Researchers in Britain are investigating the antibacterial secretions of maggots in the hope they could lead to the development of new antibiotics. Matthew Stock reports.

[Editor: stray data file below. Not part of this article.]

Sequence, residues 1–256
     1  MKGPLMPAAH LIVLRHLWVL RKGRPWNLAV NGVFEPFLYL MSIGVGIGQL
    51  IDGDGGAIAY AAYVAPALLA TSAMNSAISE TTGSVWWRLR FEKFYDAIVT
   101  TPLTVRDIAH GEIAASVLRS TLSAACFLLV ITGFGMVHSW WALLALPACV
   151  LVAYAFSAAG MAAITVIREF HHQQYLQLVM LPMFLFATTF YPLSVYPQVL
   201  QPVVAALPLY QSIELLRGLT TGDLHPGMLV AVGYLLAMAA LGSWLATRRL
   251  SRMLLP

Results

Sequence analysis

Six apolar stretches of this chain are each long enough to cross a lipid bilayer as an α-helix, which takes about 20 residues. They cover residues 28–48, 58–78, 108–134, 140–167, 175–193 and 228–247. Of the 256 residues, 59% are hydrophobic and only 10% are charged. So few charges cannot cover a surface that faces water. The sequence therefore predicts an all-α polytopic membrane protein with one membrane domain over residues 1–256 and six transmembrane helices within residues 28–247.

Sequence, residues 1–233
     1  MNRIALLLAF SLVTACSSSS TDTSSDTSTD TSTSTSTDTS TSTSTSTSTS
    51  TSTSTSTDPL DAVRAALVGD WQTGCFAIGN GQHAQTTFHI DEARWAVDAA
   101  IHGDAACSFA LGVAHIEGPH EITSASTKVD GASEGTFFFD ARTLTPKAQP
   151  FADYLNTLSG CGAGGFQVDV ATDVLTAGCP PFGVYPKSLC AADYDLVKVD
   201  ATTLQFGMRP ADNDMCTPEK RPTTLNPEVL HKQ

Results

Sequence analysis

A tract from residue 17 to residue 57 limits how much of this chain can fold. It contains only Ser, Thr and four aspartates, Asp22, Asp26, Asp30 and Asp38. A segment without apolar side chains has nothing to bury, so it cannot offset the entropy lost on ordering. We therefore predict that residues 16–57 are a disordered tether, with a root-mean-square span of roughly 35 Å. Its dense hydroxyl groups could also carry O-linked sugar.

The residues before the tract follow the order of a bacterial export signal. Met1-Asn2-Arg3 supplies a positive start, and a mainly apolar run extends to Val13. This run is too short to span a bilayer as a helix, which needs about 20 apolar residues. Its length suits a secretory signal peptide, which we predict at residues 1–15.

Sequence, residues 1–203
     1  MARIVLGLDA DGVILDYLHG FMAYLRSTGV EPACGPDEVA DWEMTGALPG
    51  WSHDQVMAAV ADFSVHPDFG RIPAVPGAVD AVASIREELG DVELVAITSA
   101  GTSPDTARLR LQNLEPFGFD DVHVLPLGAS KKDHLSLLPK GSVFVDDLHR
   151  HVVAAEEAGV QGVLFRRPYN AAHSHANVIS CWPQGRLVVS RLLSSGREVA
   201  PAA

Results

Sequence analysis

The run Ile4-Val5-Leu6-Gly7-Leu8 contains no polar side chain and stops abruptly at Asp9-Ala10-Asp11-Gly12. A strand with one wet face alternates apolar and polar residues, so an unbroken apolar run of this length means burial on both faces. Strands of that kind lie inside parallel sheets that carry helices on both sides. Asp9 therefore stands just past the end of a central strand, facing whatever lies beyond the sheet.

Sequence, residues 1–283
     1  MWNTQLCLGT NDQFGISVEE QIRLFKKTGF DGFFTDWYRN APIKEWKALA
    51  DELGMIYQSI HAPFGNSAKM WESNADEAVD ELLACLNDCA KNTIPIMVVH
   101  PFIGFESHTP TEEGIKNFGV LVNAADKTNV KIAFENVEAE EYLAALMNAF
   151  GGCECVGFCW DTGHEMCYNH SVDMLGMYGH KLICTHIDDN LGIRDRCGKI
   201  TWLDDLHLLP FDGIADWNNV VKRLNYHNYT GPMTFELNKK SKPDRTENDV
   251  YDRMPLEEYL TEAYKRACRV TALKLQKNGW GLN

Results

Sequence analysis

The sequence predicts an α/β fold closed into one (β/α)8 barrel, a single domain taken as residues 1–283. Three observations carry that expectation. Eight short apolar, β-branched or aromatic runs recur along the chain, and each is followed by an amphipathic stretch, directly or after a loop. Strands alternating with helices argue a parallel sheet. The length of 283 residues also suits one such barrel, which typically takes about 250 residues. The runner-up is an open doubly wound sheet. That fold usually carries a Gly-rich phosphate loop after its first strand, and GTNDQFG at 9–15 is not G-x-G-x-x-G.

Maggots thrive on necrotic - dead - flesh. Throughout history, surgeons have used them help to clean wounds. But the minute secretions the maggots leave behind also have antibacterial properties. At Swansea University, researchers are working to isolate this in the hope it could lead to a viable new antibiotic. (SOUNDBITE) (English) DR YAMNI NIGAM, ASSOCIATE PROFESSOR AT SWANSEA UNIVERSITY, SAYING: "We knew, anecdotally, that maggots were working to kill bacterial infections in wounds. So we decided to start there, and we decided to look at the excretions and the secretions of maggots; we collected those and we examined them for various activities including antibacterial to try and see which species of bacteria they could kill. And to our surprise we found that we had excellent antibacterial activity in certain fractions, in certain samples of maggot secretions." Using sterile, medical grade larva of the common green bottle fly, secretions are collected by placing them in water overnight. After filtering out the maggots, the leftover liquid contains water together with the molecule the scientists are after. (SOUNDBITE) (English) DR YAMNI NIGAM, ASSOCIATE PROFESSOR AT SWANSEA UNIVERSITY, SAYING: "It's quite a small molecule. And our current aim is to extract the secretion and to try and isolate the molecule and identify exactly what it's made up of... And then, once we know the structure we are planning to synthesise artificially and then test it against known species of even resistant bacteria that we know actual maggot secretions are killing." Swansea University has trademarked this molecule, calling it Seraticin. It's soon embarking on a major collaboration with a leading British university to speed up the synthesis of this maggot-derived molecule.. ... in the hope that it could one day help in the battle against antibiotic resistance.